This insightful book introduces the most important trends, people, events, and products of popular culture in Latin America and the Caribbean. • Explores controversial issues like censorship, gender, cultural imperialism, and globalization • Allows for cross-cultural comparisons between Latin America, the Caribbean, and the United States • Enables quick access to areas of interest through well-organized entries and helpful topic introductions • Features a discussion on the influence of modern technologies—the Internet, social media, and video games—in Latin American cultures • Provides substantial citations and references on each element of popular culture
Coastal and marine ecosystems, some severely degraded, other still pristine, control rich resources of inshore environments and coastal seas of Latin America's Pacific and Atlantic margins. Conflicts between the needs of the region's nations and diminishing revenues and environmental quality have induced awareness of coastal ecological problems and motivated financial support for restoration and management. The volume provides a competent review on the structure, processes and function of 22 important Latin American coastal marine ecosystems. Each contribution describes the environmental settings, biotic components and structure of the system, considers trophic processes and energy flow, evaluates the modifying influence of natural and human perturbations, and suggests management needs. Although the focus of the book is on basic ecological research, the results have application for coastal managers.
From the mid-nineteenth century until the 1930s, many Latin American leaders faced a difficult dilemma regarding the idea of race. On the one hand, they aspired to an ever-closer connection to Europe and North America, where, during much of this period, "scientific" thought condemned nonwhite races to an inferior category. Yet, with the heterogeneous racial makeup of their societies clearly before them and a growing sense of national identity impelling consideration of national futures, Latin American leaders hesitated. What to do? Whom to believe? Latin American political and intellectual leaders' sometimes anguished responses to these dilemmas form the subject of The Idea of Race in Latin America. Thomas Skidmore, Aline Helg, and Alan Knight have each contributed chapters that succinctly explore various aspects of the story in Brazil, Argentina, Cuba, and Mexico. While keenly alert to the social and economic differences that distinguish one Latin American society from another, each author has also addressed common issues that Richard Graham ably draws together in a brief introduction. Written in a style that will make it accessible to the undergraduate, this book will appeal as well to the sophisticated scholar.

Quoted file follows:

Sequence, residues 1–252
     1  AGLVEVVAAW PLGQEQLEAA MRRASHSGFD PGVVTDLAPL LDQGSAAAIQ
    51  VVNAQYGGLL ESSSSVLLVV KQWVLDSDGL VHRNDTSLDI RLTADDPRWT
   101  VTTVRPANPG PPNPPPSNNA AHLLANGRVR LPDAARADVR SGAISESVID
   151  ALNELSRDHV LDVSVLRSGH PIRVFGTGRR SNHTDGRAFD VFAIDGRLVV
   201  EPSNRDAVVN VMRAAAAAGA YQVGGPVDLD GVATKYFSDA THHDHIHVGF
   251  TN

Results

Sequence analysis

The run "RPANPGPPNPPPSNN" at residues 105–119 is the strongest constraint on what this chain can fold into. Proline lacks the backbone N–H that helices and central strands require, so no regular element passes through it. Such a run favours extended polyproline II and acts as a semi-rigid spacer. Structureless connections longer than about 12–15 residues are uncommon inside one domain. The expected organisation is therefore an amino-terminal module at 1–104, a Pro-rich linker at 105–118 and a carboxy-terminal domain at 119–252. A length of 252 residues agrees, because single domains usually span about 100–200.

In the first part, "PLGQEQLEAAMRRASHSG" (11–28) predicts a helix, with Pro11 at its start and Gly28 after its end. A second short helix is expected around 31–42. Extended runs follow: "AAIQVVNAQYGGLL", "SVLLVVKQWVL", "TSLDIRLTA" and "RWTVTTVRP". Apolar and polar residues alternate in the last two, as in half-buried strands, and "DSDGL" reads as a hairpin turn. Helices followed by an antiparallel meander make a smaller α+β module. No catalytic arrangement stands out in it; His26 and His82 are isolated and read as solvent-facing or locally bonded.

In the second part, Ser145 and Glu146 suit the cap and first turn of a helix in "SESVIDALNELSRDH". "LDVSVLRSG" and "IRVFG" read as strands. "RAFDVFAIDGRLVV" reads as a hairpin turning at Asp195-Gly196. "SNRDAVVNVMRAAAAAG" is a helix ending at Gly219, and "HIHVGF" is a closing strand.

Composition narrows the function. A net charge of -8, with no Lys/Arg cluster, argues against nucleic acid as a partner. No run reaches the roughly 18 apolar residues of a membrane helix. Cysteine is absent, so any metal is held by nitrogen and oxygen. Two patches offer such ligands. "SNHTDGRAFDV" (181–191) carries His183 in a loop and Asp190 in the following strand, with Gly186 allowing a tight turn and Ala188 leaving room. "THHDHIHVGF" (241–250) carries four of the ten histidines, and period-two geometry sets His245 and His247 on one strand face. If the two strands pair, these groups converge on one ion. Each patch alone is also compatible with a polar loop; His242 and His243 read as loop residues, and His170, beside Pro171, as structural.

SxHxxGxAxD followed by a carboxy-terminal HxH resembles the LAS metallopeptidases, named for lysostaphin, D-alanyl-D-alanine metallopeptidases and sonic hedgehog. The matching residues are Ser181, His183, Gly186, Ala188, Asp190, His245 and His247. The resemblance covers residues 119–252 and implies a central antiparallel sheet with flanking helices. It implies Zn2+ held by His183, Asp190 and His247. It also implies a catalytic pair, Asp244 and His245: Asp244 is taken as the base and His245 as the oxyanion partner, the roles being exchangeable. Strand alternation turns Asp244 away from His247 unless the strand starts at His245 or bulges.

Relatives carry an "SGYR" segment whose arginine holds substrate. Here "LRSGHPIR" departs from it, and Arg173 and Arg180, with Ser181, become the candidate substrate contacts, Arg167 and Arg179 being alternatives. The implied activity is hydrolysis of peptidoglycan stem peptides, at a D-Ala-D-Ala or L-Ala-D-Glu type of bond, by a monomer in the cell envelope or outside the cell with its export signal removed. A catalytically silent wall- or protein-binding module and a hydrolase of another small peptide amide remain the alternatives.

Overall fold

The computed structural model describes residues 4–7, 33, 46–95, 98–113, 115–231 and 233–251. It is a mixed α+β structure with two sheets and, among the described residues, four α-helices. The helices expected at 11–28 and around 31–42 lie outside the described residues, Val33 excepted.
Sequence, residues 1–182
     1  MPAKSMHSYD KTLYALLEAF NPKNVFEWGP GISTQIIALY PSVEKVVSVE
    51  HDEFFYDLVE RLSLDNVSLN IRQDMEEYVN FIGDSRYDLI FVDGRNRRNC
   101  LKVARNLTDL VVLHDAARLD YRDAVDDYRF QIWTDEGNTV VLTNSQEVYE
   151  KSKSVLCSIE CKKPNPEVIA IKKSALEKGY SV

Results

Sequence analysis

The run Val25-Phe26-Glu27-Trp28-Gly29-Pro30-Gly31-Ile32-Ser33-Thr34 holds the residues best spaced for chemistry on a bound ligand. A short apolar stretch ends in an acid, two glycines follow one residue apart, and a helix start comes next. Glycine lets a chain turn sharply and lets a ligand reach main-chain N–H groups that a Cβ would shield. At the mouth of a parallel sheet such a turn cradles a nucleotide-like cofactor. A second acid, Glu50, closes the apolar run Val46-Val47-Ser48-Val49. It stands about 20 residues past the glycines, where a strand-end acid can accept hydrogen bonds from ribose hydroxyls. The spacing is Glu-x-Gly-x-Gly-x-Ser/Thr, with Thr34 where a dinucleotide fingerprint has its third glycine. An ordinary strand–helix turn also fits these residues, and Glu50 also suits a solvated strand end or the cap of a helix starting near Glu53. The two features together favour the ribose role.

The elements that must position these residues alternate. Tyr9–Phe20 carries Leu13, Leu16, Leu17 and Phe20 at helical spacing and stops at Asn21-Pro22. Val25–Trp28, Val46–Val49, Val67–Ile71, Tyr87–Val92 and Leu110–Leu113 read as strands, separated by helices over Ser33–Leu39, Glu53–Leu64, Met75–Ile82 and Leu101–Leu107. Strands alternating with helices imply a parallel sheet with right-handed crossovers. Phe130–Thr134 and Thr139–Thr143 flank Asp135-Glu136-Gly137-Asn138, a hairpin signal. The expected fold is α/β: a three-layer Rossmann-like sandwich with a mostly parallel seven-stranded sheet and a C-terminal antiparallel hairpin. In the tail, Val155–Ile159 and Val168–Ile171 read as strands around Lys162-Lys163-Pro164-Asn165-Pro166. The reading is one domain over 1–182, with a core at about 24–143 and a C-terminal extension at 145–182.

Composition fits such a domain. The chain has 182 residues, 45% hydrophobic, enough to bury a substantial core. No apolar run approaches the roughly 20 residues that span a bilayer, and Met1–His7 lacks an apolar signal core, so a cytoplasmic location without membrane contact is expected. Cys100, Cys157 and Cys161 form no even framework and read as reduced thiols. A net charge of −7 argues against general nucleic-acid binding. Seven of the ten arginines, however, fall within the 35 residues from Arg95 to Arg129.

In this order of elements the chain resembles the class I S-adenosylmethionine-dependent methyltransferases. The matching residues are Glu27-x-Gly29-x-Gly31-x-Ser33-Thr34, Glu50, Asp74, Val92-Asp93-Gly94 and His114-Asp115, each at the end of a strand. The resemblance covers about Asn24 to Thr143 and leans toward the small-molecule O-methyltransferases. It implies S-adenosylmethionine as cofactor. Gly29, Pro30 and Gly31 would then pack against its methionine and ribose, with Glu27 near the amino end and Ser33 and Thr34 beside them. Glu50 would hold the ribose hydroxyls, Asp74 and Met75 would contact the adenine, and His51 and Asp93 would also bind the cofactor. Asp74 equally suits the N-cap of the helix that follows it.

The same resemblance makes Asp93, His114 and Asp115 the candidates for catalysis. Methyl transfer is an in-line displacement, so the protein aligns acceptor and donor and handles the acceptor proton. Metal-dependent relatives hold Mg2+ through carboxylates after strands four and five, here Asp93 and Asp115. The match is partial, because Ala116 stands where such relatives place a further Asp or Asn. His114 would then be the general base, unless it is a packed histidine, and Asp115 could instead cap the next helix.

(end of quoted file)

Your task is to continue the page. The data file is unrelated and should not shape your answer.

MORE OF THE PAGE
In some Latin American countries, traffickers equipped with vast resources have corrupted individuals in every aspect of public life, compromising the integrity of entire national institutions - the political system and the judiciary, the military, the police, and banking and financial systems. Moreover, Latin America, like Europe and the USA, has a drug consumption problem. Yet, drug control in Latin America is beset with contradictions. For some Latin Americans, illicit drug production in the form of coca cultivation is a traditional way of life, and has often been an economic bulwark against destitution. Attempts to control the drug trade, while absorbing vast resources, have been largely ineffectual and have had dramatic and unintended consequences. This book analyses the profound consequences that the illicit drug trade has for millions of Latin Americans, and what they imply for domestic policy and for international cooperation. Latin America and the Multinational Drug Trade is essential reading for students of Latin America, politics, international relations, security studies, foreign policy, economic development, criminology and law, and for anyone interested in the politics and economics of the global illicit drug trade.